On February 13, 2010, Cicilline announced his candidacy for the U.S. House of Representatives following the retirement of Patrick J. Kennedy. He won the Democratic primary in September with 37% of the vote: defeating businessman Anthony Gemma (23%), State Representative David Segal (20%), and state party chairman Bill Lynch (20%).[47][48]

In November, he defeated Republican State Representative John Loughlin with 51% of the vote.[1][49]


See also: United States House of Representatives elections in Rhode Island, 2012 § District 1

He ran for re-election in the newly redrawn 1st district, and won.[50]

A February 2012 survey showed Cicilline's approval rating had dropped almost 10% in 3 months, with the percent rating his performance "excellent or good" dropping by 24%. Anthony Gemma, Cicilline's primary opponent, said that the poll clearly showed that "a majority of Rhode Islanders wanted to see Cicilline go."[51]

In 2011, it was reported that although Rhode Island had experienced a population shift of only 7,200, a new congressional map would put 125,000 Rhode Islanders into new districts, which would help Democrats, and notably Cicilline.[52] Fellow House Democrat Jim Langevin accused Cicilline of trying to use the redistricting to aid with his reelection campaign. Possible Republican contenders suggested that it was an attempt to save Cicilline after his approval numbers had dropped. Cicilline commented, saying that he did not attempt to influence the redistricting.[53]


See also: United States House of Representatives elections in Rhode Island, 2014 § District 1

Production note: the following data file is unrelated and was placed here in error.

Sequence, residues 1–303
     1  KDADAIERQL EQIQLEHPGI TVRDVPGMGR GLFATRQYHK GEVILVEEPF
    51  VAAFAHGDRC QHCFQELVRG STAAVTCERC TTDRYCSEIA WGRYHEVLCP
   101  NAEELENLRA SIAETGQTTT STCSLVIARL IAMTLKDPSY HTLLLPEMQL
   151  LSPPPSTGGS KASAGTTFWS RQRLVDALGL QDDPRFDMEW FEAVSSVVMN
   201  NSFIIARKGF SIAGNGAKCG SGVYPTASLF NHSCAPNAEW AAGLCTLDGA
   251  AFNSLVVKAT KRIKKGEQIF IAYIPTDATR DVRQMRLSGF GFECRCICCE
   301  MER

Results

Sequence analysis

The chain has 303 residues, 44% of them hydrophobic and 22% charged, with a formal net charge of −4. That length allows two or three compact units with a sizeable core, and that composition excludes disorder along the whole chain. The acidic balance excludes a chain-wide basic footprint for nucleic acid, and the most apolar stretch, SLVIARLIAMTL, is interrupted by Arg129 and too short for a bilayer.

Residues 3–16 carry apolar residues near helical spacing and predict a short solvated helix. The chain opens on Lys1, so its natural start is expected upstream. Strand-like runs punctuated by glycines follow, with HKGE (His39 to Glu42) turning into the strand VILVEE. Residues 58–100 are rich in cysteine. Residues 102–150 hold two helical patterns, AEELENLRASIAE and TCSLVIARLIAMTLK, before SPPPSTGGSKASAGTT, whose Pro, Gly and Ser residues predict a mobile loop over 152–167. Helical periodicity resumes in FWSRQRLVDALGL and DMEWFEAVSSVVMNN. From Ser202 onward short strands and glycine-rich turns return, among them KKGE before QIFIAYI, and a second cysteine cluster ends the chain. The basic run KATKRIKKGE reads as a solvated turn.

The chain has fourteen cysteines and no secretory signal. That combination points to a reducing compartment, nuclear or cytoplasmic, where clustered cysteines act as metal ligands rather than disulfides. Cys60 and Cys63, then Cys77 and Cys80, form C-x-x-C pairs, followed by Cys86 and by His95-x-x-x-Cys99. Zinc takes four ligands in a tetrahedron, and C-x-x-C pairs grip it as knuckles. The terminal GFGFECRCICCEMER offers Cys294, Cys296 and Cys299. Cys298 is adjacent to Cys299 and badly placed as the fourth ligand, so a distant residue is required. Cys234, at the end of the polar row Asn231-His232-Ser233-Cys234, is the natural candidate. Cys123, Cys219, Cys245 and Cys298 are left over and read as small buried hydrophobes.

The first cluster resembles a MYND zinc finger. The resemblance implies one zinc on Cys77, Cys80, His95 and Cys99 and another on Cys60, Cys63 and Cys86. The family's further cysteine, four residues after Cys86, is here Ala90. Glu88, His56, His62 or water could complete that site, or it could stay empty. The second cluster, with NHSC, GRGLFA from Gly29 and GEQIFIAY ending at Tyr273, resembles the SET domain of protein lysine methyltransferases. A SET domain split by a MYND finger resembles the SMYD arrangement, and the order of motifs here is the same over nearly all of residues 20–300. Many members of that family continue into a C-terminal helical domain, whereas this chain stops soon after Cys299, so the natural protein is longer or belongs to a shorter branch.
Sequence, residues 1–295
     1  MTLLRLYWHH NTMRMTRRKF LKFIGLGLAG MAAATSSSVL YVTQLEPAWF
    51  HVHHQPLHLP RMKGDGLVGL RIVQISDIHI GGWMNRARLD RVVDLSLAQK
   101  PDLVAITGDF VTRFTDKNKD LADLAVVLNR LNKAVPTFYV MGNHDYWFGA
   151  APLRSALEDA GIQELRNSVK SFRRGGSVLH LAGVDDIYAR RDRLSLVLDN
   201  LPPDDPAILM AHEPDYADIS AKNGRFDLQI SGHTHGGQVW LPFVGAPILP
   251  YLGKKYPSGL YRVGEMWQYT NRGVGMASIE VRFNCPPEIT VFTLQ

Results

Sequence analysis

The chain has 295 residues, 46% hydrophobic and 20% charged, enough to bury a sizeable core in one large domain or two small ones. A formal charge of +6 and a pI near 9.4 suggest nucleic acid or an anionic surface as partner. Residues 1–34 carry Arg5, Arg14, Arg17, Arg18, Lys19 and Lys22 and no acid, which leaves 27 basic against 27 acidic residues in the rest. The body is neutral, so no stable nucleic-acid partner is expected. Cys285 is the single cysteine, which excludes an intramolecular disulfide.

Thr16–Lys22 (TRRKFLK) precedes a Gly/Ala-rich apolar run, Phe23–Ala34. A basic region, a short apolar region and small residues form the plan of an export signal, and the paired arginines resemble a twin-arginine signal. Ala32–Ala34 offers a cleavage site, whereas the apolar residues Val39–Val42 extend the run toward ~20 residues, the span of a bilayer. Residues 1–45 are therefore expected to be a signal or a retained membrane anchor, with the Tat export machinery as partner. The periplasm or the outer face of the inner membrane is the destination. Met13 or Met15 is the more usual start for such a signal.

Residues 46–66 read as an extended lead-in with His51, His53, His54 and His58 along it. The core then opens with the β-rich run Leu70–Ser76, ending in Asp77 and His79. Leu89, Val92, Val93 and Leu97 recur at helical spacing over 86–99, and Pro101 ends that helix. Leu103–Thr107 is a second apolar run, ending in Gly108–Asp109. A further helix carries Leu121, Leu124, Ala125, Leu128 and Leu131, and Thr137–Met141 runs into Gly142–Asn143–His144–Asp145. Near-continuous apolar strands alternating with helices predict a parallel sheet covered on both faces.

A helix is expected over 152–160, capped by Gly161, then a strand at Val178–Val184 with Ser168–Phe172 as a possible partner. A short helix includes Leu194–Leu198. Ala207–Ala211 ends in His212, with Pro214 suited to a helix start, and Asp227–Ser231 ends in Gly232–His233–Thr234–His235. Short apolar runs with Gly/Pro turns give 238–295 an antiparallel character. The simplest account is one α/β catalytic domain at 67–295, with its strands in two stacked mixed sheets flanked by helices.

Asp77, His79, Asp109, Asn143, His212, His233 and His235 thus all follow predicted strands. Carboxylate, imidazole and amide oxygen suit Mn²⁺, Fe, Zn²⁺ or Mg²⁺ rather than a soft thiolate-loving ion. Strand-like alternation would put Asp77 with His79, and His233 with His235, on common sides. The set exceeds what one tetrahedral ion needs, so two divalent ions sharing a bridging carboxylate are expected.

He won re-election to a third term in office.


See also: United States House of Representatives elections in Rhode Island, 2016 § District 1

Cicilline won re-election to a fourth term in office in the 2016 election. He defeated his opponent, Republican H. Russell Taub, with 64% of the vote.[54]


Upon being sworn in, Cicilline became the fourth openly gay member of Congress.[55]

Cicilline says that his biggest priority in Congress is helping the creation of good-paying jobs in Rhode Island. He also has indicated his support for small businesses, seniors, Medicare, and for bringing the troops home.[56]

Cicilline has voted with his party 96% of the time.[57] He has been described as a "Populist-Leaning Liberal".[58]

Foreign affairs[edit]

An avid supporter of non-violence, Cicilline has taken a stance against the U.S. military presence in Libya, voting to limit the use of funds supporting NATO operations in Libya and to remove armed forces from Libya.[59] In 2013, he went on record saying that he was "skeptical" of the Obama Administrations attempts to get congressional approval for US military action in Syria.[60]

Gun rights[edit]

On a domestic level, he is a strong anti-gun advocate and was a founding member of the bipartisan coalition Mayors Against Illegal Guns.[61] In 2010, the Brady Campaign to Prevent Gun Violence endorsed Cicilline; in 2000, the National Rifle Association awarded him an F- lifetime score.[62] Cicilline has also indicated his support for a ban on the sale or transfer of all forms of semi-automatic weapons, for more stringent state restrictions on the purchase and possession of firearms, and for a requirement that manufacturers equip firearms with child-safety locks.[63] On November 16, 2011, Cicilline made a public statement against the National Right-to-Carry Reciprocity Act which would "require all states to allow out-of-state visitors to carry concealed firearms as long as the laws of the visitors' home states allow them to do so."[64] He insisted that the Second Amendment had nothing to do with this bill, which, he said, would infringe upon the right of state governments to protect the safety of their citizens, and would force communities to accept concealed-carry standards set by other states.[65] In October 2017, following the Las Vegas shooting, Cicilline introduced a bill to ban bump stocks.[66]

Reproductive rights[edit]